Prof Jimmy Turnbull
Professor of Aquatic Population Health and Welfare
Jimmy Turnbull is a Professor of Aquatic Animal Health and Welfare. His research interests lie in understanding determinants of health and welfare in farmed aquatic populations and translating that understanding into improved farming practices.
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Dr Darren Green
I am interested the ecology of disease, how diseases spread from place to place, why particular populations are more at risk than others, and how we can control and prevent disease outbreaks. My research is focussed on the epidemiology of fish diseases, however I have a continuing interest in terrestrial farming systems.
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Dr Dave Morris
Senior Research Fellow
I am interested in the control of diseases that affect cultured fish species. My research has principally focused on the myxozoan parasite Tetracapsuloides bryosalmonae which infects a wide range of salmonids such as rainbow trout, Atlantic salmon, Arctic charr and brown trout.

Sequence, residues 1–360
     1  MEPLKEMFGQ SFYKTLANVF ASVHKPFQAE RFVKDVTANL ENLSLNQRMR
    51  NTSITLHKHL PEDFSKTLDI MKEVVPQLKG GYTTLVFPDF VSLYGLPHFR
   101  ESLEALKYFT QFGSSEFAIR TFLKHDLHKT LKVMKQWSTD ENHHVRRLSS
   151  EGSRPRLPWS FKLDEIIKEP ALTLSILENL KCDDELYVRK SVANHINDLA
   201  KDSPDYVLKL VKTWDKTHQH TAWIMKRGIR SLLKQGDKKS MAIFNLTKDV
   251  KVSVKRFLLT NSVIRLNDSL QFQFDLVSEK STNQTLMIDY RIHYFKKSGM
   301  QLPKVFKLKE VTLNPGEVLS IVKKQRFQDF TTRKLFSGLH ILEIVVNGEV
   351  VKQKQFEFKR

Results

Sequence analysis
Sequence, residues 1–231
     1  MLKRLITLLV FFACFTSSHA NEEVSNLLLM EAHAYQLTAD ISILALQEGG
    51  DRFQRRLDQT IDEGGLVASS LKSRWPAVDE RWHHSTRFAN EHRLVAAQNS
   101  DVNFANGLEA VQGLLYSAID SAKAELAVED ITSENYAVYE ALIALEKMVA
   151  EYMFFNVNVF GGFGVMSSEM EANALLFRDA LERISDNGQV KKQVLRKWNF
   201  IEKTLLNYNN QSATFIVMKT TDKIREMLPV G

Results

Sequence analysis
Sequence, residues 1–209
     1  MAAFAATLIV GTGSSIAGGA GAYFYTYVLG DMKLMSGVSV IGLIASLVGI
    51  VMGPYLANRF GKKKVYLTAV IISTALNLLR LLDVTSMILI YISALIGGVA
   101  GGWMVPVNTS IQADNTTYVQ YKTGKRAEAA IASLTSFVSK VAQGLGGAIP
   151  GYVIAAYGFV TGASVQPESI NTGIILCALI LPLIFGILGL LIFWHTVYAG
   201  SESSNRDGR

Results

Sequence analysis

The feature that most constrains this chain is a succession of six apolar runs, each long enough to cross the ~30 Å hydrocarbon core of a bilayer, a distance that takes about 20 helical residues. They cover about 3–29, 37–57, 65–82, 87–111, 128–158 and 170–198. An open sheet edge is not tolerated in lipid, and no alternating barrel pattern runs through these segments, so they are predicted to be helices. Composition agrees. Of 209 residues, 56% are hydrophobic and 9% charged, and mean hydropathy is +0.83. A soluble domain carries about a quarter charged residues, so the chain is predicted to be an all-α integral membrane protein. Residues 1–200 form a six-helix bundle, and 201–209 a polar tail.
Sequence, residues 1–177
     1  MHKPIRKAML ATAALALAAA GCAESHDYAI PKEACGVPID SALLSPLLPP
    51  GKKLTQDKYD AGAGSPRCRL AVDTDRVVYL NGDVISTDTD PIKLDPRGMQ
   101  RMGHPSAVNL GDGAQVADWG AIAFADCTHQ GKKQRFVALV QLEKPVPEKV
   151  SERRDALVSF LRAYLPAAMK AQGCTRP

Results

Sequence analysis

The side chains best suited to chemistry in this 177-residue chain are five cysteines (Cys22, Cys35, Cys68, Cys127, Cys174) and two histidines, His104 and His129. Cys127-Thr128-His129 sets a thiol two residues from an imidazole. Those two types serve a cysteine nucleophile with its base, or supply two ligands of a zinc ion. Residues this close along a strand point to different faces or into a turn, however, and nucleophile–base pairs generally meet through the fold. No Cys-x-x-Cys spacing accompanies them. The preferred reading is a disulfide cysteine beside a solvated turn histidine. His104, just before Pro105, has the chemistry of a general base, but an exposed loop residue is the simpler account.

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I began my PhD at the Institute of Aquaculture in the Summer of 2008, looking at the epidemiology of pancreas disease supervised by Darren Green and Jimmy Turnbull.
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I started my PhD in October 2008. I am looking at the contact structure between and within sites of the Scottish aquaculture industry, and I am going to construct a network model. These models can help us to understand and predict the transmission of disease between and within sites.
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At moment I am doing a PhD in the Institute of Aquaculture, at the University of Stirling. The title of my thesis is: in assessment of quality and value of farm-based disease prevalence data in the evaluation of fish health and welfare.
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I am a PhD student at Institute of Aquaculture, University of Stirling since 2008. My research topic is Streptococcosis (e.g. S. agalactiae and S. iniae) in tilapia which mainly related to microbiology and histopathology. In order to explain about pathogenesis in the fish is what relationship between age and bacteria as age susceptibility which is supervised by James Turnbull, and Margaret Crumlish.
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